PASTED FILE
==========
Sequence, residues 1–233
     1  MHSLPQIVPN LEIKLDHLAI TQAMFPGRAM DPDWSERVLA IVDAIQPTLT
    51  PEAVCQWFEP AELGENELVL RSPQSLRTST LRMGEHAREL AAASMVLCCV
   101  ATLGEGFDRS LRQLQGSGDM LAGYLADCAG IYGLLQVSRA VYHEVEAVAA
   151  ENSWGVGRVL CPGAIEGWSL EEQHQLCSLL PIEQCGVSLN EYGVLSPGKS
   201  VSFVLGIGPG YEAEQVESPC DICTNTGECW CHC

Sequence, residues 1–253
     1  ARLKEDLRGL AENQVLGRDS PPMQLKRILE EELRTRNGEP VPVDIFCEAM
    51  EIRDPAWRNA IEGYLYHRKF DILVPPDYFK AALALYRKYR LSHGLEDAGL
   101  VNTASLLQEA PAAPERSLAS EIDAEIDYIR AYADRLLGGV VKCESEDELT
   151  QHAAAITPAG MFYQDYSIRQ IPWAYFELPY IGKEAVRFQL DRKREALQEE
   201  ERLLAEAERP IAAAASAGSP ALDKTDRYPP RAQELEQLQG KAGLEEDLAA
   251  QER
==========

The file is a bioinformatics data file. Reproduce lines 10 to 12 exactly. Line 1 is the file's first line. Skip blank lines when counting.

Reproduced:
   101  VNTASLLQEA PAAPERSLAS EIDAEIDYIR AYADRLLGGV VKCESEDELT
   151  QHAAAITPAG MFYQDYSIRQ IPWAYFELPY IGKEAVRFQL DRKREALQEE
   201  ERLLAEAERP IAAAASAGSP ALDKTDRYPP RAQELEQLQG KAGLEEDLAA